Allergy & Rhinology     Open Access   (Followers: 5)
AlterNative : An Intl. J. of Indigenous Peoples     Full-text available via subscription   (Followers: 39, SJR: 0.194, CiteScore: 0)
Alternative Law J.     Hybrid Journal   (Followers: 12, SJR: 0.176, CiteScore: 0)
Alternatives : Global, Local, Political     Hybrid Journal   (Followers: 13, SJR: 0.351, CiteScore: 1)
Alternatives to Laboratory Animals     Full-text available via subscription   (Followers: 11, SJR: 0.297, CiteScore: 1)
American Behavioral Scientist     Hybrid Journal   (Followers: 26, SJR: 0.982, CiteScore: 2)
American Economist     Hybrid Journal   (Followers: 7)
American Educational Research J.     Hybrid Journal   (Followers: 260, SJR: 2.913, CiteScore: 3)
American J. of Alzheimer's Disease and Other Dementias     Hybrid Journal   (Followers: 23, SJR: 0.67, CiteScore: 2)
American J. of Cosmetic Surgery     Hybrid Journal   (Followers: 9)
American J. of Evaluation     Hybrid Journal   (Followers: 18, SJR: 0.646, CiteScore: 2)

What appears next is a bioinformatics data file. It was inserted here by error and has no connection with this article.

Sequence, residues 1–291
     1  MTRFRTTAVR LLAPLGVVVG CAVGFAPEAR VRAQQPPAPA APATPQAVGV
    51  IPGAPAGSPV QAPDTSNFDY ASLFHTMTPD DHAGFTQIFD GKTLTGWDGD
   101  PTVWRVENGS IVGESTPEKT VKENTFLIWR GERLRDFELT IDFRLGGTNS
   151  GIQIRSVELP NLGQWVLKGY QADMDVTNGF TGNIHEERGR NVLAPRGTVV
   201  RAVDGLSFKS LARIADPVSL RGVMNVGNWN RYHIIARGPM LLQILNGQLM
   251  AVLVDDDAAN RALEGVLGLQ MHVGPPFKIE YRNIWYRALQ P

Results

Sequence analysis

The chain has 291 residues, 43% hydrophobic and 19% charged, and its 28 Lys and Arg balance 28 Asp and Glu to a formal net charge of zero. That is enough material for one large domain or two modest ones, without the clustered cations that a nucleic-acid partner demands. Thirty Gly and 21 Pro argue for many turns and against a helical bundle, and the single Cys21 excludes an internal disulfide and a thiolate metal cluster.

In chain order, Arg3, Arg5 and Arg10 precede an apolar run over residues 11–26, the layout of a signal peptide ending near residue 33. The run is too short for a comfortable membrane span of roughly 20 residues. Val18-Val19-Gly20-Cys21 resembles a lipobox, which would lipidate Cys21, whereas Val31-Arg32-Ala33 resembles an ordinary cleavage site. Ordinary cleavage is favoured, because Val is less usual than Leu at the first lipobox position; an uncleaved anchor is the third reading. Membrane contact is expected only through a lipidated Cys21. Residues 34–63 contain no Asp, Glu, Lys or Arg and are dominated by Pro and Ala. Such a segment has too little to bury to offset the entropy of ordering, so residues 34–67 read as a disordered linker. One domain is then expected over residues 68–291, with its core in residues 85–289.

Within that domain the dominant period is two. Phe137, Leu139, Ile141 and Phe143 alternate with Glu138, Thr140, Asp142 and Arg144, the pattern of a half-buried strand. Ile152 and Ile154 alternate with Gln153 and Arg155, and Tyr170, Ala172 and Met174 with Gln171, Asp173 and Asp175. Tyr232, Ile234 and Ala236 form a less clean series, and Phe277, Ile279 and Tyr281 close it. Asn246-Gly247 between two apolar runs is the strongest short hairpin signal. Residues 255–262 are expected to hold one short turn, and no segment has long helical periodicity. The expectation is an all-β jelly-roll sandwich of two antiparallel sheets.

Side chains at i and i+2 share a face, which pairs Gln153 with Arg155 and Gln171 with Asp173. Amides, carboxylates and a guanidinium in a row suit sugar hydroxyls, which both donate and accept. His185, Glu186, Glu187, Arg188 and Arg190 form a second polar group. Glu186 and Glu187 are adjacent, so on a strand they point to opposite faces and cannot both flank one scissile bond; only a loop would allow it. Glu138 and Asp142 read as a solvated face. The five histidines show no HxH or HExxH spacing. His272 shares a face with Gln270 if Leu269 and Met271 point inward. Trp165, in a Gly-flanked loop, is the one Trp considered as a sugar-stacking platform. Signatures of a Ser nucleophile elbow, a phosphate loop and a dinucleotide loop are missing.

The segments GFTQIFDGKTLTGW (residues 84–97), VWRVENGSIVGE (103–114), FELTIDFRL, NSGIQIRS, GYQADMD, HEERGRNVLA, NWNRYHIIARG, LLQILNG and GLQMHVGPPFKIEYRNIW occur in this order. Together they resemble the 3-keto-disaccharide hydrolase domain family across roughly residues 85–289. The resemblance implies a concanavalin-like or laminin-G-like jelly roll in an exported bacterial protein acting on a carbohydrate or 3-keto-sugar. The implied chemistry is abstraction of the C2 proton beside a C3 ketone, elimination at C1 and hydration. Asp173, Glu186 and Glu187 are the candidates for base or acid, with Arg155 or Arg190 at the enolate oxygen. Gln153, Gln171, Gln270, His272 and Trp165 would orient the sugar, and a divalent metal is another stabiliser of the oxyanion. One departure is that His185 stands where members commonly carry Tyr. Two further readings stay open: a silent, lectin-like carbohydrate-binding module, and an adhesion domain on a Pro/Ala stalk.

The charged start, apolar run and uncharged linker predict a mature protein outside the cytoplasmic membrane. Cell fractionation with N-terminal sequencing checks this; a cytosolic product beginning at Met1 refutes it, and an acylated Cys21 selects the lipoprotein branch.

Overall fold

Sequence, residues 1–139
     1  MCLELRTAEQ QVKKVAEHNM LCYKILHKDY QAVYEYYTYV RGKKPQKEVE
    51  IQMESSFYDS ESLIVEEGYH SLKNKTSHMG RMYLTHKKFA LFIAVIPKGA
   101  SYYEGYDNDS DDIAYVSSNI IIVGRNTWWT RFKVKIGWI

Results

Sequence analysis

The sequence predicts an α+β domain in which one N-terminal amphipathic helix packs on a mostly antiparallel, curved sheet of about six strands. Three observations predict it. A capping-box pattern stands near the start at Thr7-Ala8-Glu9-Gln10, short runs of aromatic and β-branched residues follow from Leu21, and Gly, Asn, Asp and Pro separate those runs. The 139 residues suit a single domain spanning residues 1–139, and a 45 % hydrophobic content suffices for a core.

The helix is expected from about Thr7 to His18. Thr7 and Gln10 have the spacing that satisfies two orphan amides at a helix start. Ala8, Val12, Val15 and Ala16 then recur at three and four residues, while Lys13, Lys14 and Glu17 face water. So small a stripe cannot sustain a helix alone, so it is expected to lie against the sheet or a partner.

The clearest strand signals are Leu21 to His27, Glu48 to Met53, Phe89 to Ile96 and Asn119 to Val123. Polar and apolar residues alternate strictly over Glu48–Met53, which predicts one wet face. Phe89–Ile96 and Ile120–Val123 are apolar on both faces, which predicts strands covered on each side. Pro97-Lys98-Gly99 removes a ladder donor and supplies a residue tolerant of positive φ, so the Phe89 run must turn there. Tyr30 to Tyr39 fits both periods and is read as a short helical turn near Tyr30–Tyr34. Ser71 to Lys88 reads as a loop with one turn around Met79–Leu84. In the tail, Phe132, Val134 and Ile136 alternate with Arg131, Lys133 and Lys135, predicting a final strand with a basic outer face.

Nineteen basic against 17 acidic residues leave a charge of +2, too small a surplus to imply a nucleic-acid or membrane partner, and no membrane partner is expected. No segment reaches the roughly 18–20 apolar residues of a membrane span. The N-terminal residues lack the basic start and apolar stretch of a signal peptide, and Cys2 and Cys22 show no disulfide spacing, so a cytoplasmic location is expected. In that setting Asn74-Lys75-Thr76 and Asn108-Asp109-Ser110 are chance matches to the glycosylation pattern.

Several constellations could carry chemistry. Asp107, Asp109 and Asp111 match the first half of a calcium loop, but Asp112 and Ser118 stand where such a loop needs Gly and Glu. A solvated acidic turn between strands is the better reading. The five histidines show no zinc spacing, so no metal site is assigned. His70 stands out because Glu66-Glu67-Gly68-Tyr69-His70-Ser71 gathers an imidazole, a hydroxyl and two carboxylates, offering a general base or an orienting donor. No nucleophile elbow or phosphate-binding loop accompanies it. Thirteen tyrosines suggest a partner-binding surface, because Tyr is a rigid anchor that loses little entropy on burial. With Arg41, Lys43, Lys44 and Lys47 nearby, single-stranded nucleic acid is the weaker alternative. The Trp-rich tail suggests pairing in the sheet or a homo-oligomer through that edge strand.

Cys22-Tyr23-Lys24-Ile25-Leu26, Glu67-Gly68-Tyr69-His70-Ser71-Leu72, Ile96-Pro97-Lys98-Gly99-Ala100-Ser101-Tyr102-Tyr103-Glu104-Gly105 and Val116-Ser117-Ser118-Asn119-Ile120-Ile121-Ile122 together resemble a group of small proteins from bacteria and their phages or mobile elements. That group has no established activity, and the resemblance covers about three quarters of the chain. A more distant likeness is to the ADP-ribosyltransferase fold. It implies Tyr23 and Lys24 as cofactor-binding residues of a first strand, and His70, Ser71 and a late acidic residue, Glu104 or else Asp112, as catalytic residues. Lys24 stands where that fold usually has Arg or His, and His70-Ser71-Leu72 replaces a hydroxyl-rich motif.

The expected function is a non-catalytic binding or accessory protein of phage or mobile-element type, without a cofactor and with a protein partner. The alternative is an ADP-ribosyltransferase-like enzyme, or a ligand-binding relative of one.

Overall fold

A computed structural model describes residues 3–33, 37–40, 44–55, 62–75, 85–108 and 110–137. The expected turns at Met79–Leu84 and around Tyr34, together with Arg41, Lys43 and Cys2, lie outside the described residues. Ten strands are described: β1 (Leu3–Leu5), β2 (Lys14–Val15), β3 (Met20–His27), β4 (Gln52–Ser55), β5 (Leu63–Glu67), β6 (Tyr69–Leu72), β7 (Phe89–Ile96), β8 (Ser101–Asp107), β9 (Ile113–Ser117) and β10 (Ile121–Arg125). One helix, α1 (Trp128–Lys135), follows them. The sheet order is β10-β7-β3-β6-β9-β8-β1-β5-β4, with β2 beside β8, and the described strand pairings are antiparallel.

American J. of Health Promotion     Hybrid Journal   (Followers: 35, SJR: 0.807, CiteScore: 1)
American J. of Hospice and Palliative Medicine     Hybrid Journal   (Followers: 47, SJR: 0.65, CiteScore: 1)
American J. of Law & Medicine     Full-text available via subscription   (Followers: 12, SJR: 0.204, CiteScore: 1)
American J. of Lifestyle Medicine     Hybrid Journal   (Followers: 7, SJR: 0.431, CiteScore: 1)
American J. of Medical Quality     Hybrid Journal   (Followers: 13, SJR: 0.777, CiteScore: 1)
American J. of Men's Health     Open Access   (Followers: 9, SJR: 0.595, CiteScore: 2)
American J. of Rhinology and Allergy     Hybrid Journal   (Followers: 11, SJR: 0.972, CiteScore: 2)
American J. of Sports Medicine     Hybrid Journal   (Followers: 249, SJR: 3.949, CiteScore: 6)
American Politics Research     Hybrid Journal   (Followers: 36, SJR: 1.313, CiteScore: 1)
American Review of Public Administration     Hybrid Journal   (Followers: 28, SJR: 2.062, CiteScore: 2)
American Sociological Review     Hybrid Journal   (Followers: 358, SJR: 6.333, CiteScore: 6)
American String Teacher     Full-text available via subscription   (Followers: 3)
Analytical Chemistry Insights     Open Access   (Followers: 26, SJR: 0.224, CiteScore: 1)
Angiology     Hybrid Journal   (Followers: 5, SJR: 0.849, CiteScore: 2)